China sat along her yellow rivers and waited – some four hundred and fifty million people – more patient because of the yoke of the many invader pirates. But her younger bloods were almost hysterical. There were many societies for National Advancement and National Salvation, and there were many National Humiliation Days. China was reputed to maintain the largest standing army in the world, some two and a half million men. Although most of these were unarmed coolies, bugles blew in the school compounds around the cities, children drilled, young men paraded, and the great yellow country was slowly heaving and yeasting into a settled control. If only Japan had left her to rise alone, a little while longer.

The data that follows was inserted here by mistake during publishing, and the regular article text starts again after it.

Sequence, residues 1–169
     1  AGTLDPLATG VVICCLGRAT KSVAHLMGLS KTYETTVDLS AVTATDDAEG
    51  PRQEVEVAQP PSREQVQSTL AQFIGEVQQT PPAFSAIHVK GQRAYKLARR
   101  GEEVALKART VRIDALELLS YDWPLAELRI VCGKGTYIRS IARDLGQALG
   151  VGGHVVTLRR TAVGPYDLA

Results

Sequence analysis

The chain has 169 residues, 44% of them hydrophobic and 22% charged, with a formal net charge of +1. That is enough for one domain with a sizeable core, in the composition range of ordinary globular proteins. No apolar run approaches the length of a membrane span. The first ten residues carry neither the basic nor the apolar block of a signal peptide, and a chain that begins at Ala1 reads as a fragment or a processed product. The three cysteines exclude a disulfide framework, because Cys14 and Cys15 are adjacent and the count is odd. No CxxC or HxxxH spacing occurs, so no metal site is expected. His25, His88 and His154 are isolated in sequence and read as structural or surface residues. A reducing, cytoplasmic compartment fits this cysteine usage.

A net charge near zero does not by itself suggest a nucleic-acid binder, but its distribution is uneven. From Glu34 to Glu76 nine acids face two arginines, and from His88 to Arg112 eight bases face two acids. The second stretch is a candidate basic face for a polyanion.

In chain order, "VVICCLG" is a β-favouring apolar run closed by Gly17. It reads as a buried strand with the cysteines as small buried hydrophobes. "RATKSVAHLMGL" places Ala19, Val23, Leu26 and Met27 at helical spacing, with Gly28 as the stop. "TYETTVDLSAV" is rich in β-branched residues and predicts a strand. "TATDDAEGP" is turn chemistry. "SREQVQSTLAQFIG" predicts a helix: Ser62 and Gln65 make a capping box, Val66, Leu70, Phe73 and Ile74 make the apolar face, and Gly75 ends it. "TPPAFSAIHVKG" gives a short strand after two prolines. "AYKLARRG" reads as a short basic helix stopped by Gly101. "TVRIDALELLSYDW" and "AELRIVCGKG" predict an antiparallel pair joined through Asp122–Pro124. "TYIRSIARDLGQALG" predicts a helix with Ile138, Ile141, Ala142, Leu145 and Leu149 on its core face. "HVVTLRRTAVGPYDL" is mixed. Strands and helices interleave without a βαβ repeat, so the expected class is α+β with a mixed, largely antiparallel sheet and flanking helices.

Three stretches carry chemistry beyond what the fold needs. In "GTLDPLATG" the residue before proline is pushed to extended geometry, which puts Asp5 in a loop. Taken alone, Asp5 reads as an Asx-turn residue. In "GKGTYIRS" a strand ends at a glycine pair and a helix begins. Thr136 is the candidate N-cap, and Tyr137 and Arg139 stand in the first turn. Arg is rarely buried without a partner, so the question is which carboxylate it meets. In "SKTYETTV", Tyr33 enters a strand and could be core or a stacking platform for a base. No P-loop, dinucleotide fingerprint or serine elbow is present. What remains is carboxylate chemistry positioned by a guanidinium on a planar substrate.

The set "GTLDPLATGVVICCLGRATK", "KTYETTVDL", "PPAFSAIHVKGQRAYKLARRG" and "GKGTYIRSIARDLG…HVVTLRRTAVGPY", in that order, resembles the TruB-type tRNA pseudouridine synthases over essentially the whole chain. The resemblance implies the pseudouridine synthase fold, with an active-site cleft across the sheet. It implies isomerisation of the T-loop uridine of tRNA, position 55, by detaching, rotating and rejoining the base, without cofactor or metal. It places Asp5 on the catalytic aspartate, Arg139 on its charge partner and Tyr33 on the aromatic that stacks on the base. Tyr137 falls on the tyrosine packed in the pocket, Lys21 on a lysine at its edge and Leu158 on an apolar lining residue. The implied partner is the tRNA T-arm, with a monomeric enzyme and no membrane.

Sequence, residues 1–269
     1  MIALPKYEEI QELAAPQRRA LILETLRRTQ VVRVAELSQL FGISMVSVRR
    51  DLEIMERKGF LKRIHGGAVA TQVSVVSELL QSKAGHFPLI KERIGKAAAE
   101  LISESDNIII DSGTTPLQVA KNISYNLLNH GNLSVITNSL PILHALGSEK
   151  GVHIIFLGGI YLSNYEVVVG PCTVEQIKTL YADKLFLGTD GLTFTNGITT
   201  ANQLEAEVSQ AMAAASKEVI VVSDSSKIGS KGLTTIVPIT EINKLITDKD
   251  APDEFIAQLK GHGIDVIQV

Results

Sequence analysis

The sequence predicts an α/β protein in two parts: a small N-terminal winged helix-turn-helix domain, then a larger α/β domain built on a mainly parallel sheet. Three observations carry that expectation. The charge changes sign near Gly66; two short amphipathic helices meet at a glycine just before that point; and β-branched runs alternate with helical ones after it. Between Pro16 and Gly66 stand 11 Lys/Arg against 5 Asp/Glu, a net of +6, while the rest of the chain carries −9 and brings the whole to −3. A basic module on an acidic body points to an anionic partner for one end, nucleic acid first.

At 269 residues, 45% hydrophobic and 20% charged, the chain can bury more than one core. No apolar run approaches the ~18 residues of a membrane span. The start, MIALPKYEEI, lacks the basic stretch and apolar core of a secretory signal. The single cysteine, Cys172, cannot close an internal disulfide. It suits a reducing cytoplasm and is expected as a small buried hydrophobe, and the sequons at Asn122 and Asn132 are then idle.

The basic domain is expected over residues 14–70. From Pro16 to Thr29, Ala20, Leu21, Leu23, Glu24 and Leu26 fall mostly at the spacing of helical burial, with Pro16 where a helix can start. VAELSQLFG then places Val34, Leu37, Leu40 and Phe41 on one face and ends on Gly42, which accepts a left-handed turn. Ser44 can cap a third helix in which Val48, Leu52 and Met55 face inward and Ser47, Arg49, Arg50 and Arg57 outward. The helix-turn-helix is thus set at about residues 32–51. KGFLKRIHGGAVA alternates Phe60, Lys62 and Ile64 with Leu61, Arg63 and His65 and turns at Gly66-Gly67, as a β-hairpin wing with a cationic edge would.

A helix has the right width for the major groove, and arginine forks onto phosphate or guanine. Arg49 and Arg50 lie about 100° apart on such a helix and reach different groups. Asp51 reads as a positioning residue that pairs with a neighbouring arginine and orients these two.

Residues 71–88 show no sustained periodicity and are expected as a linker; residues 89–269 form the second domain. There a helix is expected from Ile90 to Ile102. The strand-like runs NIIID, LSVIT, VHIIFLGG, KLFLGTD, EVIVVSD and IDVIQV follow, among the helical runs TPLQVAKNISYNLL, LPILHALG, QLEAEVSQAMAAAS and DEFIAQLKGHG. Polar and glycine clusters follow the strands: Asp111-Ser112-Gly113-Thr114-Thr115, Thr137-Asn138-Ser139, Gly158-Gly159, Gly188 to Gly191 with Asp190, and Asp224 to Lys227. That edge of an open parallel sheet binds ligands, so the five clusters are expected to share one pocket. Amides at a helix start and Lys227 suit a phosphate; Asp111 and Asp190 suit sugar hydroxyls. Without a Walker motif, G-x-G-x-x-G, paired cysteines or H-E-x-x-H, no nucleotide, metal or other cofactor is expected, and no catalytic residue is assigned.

Chiang Kai-shek – the welder, her ‘deliverer’ – had been having quite a lot of birthdays. Upon each anniversary, each of these enthusiastic societies presented him with a bomber, or a gun, or a pursuit plane. The boys in China were anxious to try these things out and were restive under the Japanese domination. They were becoming rather cocky. I had been to Japan a couple of times immediately before her decision to dominate China. Perhaps the most striking thing that permeated that lovely and delicate country was a tremendous regimentation. In an altercation with China it was that element which would determine the result. It might have been compared to the relative force of the one million ardent Fascists in Italy being able to dominate and sway the destinies of the forty million other residents. Ardent men will always control the indifferent. And Japan was a country controlled by men; for their ladies are as sweet and simple and affectionate as their country in cherry blossom time.